Orders are made mostly online, sometimes by phone; product is retrieved from storage, and shipped by local couriers with whom the business maintains an open account. Obviously, this mechanism doesn't much allow for casual walk-in customers, but that's typically one of the incentives to move to the Next Level - that being a true walk-in storefront once the "apartment-basement" model is outgrown.  So as you can see, I have the plan in place.  It's a plan that might not be considered professional, let alone legal, in other countries, but in Romania it is what works and it is what's done.
[...] I hadn't envisioned a need to sell to any other country which already has its own Smooth-On reseller. [...] If you have restrictions on such activity, I would be happy to know and obey them. In similar fashion, do you offer any kind of [DON'T WANT ANYONE TO STEAL THIS FANTASTIC IDEA] If there is a mechanism to address this, I would like to know that also.
I hope I have answered all your questions and more! What I needed to make clear to you, is that I am not a sprawling corporation simply looking to add Smooth-On to the dozen other lines of products I sell. I am, to coin a cliché, one man with a dream. Didn't Smooth-On start with one product to repair leaky pipes? If this is a paradigm that you can still support and work with in today's climates, then we have indeed arrived on the same page and I look forward to the next step!
I'll be continually apologizing for subjecting you, dear reader, to such insane verbosity in this post. But I feel it is essential to illustrate one thing: that I answered each and every question put to me in agonizing detail, to leave nothing to question, no stone unturned. What was my reward? This, two weeks later:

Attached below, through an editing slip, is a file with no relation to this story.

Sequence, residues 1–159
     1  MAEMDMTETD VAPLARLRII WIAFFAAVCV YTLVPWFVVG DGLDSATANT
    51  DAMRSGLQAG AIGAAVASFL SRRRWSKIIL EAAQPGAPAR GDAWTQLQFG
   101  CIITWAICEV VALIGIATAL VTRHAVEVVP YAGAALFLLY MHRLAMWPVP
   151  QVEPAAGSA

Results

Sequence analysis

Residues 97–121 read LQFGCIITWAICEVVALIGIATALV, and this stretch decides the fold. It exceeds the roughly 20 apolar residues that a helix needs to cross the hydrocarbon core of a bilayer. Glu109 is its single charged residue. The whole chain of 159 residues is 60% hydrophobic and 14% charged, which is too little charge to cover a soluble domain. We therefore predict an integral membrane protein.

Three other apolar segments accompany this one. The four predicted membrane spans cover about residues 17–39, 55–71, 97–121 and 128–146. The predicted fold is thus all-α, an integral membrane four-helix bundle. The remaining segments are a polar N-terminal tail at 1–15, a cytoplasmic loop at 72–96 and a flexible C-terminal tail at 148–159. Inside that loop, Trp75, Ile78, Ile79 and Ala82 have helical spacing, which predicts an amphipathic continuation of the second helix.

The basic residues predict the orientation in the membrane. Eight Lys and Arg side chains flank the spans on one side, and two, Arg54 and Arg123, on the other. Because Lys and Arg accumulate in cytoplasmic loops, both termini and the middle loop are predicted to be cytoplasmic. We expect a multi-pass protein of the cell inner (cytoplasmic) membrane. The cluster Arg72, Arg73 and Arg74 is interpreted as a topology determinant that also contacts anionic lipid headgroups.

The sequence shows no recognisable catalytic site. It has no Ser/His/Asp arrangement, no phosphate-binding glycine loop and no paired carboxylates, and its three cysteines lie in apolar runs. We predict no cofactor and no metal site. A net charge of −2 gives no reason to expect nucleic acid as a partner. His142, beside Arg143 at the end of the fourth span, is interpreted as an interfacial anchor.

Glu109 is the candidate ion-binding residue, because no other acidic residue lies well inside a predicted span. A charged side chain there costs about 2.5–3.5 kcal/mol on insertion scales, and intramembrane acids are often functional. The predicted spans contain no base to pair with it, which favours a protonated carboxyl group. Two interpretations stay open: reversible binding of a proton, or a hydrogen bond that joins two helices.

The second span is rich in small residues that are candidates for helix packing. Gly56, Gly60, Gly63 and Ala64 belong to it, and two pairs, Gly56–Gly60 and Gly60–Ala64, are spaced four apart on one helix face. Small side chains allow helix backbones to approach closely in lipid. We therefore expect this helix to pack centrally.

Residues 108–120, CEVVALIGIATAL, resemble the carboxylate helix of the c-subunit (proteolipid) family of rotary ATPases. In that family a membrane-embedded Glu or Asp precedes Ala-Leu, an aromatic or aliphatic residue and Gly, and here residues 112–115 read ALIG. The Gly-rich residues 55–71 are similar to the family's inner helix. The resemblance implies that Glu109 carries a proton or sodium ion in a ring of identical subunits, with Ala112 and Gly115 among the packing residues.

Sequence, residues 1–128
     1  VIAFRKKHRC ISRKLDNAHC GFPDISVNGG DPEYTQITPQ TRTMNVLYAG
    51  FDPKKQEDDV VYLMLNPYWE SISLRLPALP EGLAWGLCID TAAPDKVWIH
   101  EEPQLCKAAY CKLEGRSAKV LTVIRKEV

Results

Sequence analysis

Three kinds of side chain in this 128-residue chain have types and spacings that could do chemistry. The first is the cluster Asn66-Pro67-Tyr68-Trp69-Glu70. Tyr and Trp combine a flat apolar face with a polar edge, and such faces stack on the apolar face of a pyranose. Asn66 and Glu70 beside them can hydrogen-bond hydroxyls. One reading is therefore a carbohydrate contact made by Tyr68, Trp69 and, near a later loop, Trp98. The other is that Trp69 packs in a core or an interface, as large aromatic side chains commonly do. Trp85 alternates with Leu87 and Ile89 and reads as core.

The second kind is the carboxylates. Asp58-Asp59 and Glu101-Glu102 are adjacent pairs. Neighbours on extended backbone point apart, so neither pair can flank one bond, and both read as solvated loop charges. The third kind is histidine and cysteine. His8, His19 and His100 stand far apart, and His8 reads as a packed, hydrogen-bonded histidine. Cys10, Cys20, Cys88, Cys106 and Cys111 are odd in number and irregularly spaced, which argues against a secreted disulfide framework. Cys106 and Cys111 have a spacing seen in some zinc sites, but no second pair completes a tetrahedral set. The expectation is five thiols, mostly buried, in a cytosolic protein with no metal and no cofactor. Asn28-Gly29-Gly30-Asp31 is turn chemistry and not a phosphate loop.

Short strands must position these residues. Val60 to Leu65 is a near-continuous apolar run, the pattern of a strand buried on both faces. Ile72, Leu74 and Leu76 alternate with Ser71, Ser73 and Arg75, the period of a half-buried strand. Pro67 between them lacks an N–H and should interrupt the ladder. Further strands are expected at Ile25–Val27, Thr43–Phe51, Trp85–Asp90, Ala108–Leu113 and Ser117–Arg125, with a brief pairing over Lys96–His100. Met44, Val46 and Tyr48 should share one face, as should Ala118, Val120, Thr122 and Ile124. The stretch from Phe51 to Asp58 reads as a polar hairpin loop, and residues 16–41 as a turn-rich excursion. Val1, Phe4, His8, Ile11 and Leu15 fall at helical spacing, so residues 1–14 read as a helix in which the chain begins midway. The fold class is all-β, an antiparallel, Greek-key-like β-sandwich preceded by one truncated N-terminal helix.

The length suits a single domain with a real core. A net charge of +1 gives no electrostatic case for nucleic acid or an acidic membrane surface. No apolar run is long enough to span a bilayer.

From: Heather
Sent: Friday, August 02, 2013 8:06 PM
Hello Ken,
Thank you for the additional information. Our initial stocking order is $25,000.00 (not including freight). You still have not named specific products and sizes that you plan to stock. You will need to provide us with this information when you submit your initial order, along with your pre-payment. Please let me know how you would like to proceed.
What did I miss? This was the slam to end all slams. All this effort to foster understanding of the foreign ways we do things here, just to result in "25 large, cash up front", something sounding like a line from "Breaking Bad". With what can now, in retrospect, only be considered extreme naivete, I attempted to soldier on with the only weapons I had, appeals to intelligence and common sense:
From: Ken Huegel
Sent: Wednesday, August 07, 2013 1:45 PM
To: 'Heather'
Dear [Oops, accidentally used her last name],
I am highly concerned at the one-way flow of information in our exchange.
In summarizing our interaction thus far:
  1. I have, to the best of my ability, answered every Smooth-On question, yet all of my many questions throughout our exchanges have gone unanswered.
  2. Smooth-On has repeatedly requested details of my order, yet provided no pricing so that I can make informed decisions about filling such an order.